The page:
Furthermore the development of markets for agricultural inputs enables smaller-holder farmers to increase output. The NSDS 2008 reports that 50% of farm households who do not use inputs attribute it to lack of knowledge. This shows that the agricultural inputs markets are underdeveloped. Efficient foreign inputs like feeds, fertilizers, breeds of animals and crops, can be obtained through international trade. Imports of foreign can promote agricultural growth. Improvements in agricultural inputs can enhance farmers' returns through major increases in yields which would promote agricultural growth.

The growth of urban agricultural markets through expansion of urban areas has impacted positively on agricultural growth in Uganda. The Kampala - Wakiso - Mukono axis provides a large market for foodstuffs. Livestock farming has expanded in Bushenyi, Mbarara, Mubende,
Kiboga, Luwero Nakasongola and other areas largely due to rising demand for beef and dairy products. Trade activities in food products like like maize grain in maize growing areas like Kamwenge, Masindi, Iganga; the distribution activities like assembling, storage, transportation; and the processing activities especially in Kisenyi-Kampala have all expanded earning activities for farmers, input suppliers, distributors and processors. Other major agricultural products traded include bananas, beans, vegetables, cassava, and coffee. Many farmers with access to urban markets are increasing acreage and improving farm practices as a means to increase marketable surplus.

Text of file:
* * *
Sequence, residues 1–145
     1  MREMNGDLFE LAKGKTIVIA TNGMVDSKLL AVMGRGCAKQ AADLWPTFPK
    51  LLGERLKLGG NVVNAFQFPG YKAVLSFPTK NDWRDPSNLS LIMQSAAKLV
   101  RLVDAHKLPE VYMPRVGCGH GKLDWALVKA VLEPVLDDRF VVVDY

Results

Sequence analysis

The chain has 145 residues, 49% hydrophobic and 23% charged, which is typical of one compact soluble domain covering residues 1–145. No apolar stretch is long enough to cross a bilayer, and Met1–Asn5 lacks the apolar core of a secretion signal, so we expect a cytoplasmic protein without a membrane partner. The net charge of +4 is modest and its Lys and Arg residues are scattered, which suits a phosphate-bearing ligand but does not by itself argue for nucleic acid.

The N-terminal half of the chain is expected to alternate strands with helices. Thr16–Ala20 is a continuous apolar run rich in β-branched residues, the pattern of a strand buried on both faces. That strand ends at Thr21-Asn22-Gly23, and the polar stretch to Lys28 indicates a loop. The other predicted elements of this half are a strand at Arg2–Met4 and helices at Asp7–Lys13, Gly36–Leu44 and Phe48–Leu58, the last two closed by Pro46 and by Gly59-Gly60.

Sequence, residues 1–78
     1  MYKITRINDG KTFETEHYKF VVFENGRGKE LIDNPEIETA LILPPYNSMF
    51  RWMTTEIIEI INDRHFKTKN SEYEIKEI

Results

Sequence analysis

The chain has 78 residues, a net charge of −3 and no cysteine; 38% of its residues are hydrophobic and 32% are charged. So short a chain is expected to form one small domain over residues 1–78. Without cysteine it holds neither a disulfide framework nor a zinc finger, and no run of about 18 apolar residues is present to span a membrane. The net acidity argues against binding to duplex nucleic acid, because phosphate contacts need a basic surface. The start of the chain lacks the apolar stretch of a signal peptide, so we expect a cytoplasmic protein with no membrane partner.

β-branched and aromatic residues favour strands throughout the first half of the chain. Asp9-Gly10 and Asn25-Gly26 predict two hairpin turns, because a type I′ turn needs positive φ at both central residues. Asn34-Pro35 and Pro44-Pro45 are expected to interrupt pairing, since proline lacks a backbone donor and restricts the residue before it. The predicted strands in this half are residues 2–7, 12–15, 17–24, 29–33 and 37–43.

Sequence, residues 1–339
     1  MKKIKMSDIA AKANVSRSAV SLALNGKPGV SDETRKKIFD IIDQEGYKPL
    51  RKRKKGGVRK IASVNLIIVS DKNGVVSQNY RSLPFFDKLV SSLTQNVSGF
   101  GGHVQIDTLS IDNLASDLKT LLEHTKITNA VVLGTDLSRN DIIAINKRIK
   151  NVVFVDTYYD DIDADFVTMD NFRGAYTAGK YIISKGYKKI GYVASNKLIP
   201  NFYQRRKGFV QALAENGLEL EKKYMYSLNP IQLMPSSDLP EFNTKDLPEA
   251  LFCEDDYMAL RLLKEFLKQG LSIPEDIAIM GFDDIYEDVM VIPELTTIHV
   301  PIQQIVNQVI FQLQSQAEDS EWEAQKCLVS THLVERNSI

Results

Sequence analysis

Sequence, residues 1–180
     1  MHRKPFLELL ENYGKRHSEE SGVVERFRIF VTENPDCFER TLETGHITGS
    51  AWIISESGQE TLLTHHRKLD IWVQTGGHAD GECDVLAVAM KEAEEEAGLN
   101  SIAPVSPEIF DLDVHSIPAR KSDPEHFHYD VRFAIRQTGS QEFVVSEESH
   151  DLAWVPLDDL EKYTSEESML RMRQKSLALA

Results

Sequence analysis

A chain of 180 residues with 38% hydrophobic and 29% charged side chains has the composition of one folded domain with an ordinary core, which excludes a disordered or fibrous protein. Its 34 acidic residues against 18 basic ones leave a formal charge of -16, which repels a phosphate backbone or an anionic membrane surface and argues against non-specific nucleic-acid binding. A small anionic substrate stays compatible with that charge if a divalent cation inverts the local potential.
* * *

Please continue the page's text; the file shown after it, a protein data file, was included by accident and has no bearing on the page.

The growth in export markets for agricultural products improves livelihoods of agricultural communities in Uganda. Exports of fish, cut flowers, maize, beans, all have positive impact on local communities. Livelihoods have improved for fishing and farming communities through increased export incomes. The flower industry has created many jobs for Ugandans especially in Wakiso district. However, there are serious issues of underpayment of workers which have been reported on flower farms, sugar cane and tea estates. Mere growth in output and exports without growth in incomes of the majority can not stimulate the overall growth of an economy. Such growth has no spread effects as the trade income goes disproportionately to the investors.